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OTT Video Adventures Part 5: Cutting the Cable Cord on Pay TV Sports and News

While my dear sweet wife Kirsten seems to be hedging on giving up on our Pay TV service from Comcast, I am doing one last reflection on over-the-top (OTT) video content before we jump into evaluating our hardware options. My focus for this week is a pretty big one and one of the key areas of concern in switching to an Internet-based TV watching experience. How do I get my live news and sports?

Fortunately, on first pass, I have less reason for concern than I had originally feared. Let’s start with news.

News:

It has sort of creeped up on me, but I no longer watch TV-based national news. Once a dedicated 6 PM news watcher (ABC and Peter Jennings—one of the last true and fair news anchors, God rest his soul), I can’t remember the last time I watched network news. It was probably once a few months ago just to see Katie Couric in action, since Kirsten and I used to be big Today show fans (a lot less so with kids now who need to make the bus on time). We still occasionally watch 11 o’clock local news though. But even this is a habit we don’t really enjoy since it keeps us up late and is almost always filled with sad stories of murders and corrupt politicians—not exactly a good jump start to our dream programming. Also, both of us have become adept Internet news sites scanners, getting the headlines from cnn.com, foxnews.com, bbc.com for the international perspective, and boston.com for local news and sports stories. They have enough of their content available as video on demand clips to give us an even better experience than the superficial sound-bites and sensationalism you get on network news. And when there is an important live event such as a speech by the President or a big police investigation, that content is usually streamed live. Plus, getting our news online is just BETTER, since we can decide what stories to click on or Google to dig deeper.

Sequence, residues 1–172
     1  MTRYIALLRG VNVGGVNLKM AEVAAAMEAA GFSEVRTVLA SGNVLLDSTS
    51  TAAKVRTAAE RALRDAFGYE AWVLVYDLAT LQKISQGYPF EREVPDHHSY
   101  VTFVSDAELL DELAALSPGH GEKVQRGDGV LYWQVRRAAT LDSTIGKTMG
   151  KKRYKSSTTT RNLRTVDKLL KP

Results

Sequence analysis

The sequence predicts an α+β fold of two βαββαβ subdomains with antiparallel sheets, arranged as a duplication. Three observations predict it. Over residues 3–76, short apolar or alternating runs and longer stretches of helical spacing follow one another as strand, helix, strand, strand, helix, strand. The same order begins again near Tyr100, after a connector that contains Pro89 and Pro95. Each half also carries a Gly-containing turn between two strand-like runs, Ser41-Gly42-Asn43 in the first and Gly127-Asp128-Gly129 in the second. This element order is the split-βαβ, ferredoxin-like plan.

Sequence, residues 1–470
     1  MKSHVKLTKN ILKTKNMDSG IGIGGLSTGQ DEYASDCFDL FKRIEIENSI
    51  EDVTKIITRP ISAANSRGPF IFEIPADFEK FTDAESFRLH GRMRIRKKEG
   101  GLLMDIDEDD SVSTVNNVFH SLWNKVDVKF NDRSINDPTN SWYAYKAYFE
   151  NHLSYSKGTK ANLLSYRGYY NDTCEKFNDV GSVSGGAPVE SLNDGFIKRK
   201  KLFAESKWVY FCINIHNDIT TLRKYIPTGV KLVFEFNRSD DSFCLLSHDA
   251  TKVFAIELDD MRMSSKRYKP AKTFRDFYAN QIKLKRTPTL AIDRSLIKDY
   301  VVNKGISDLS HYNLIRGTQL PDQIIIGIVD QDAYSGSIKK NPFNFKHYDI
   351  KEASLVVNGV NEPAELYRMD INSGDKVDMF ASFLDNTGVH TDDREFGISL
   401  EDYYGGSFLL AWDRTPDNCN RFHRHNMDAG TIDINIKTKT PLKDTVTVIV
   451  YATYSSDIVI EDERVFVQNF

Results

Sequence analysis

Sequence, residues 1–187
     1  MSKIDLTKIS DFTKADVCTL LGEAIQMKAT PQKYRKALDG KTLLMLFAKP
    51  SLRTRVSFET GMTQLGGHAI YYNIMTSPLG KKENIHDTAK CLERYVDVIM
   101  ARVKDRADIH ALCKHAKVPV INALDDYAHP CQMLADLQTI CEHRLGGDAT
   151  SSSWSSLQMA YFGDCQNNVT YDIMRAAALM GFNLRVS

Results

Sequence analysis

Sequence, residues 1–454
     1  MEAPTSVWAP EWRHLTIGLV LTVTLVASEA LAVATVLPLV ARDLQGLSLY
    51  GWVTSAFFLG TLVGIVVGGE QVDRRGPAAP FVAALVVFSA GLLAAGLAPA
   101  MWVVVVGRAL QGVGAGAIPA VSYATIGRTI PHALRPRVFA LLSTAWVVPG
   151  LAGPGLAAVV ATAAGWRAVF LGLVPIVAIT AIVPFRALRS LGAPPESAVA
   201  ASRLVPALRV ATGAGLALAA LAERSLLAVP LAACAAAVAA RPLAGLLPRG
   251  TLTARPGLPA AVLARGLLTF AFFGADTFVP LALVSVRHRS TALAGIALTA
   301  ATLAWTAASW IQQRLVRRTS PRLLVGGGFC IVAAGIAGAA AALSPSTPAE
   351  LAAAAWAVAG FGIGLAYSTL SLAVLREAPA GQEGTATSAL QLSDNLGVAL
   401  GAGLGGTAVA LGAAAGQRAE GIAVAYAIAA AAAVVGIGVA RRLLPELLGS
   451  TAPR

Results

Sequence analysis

Sports are an entirely different matter, and one that will probably vary widely with your geography and viewing habits. Here is my breakdown in order of priority:

Boston College Football and Basketball:

I am mostly in good shape for college sports since many of the games for Boston College are carried by local TV stations—in high definition no less via my over-the-air (OTA) antenna.

For those not picked up by a local channel, there is the OTT alternative. I am still trying to figure out if I will be able to get this consistently, but I was able to watch the BC-Kent State football game in its entirety on ESPN360.com last weekend. Since this game was not even broadcast on regular TV, I was thrilled to be able to catch the game. It was broadcast live but I watched the replay after a day of fun with the family. The Move networks-based player and experience was awesome. I was able to do my own replays much like a DVR. Yes, there were commercials being played but this did not bother me since I used this time to do the post-game analysis I would do after any game. I analyzed the box score, got the game recap from ESPN, and checked out a few blogs and fan forums for their opinions. A recent study showed that a large percentage of sports fans are already surfing the web while they watch their games, whether it be real-time statistics or checking their fantasy football tally. So I guess I am part of that trend.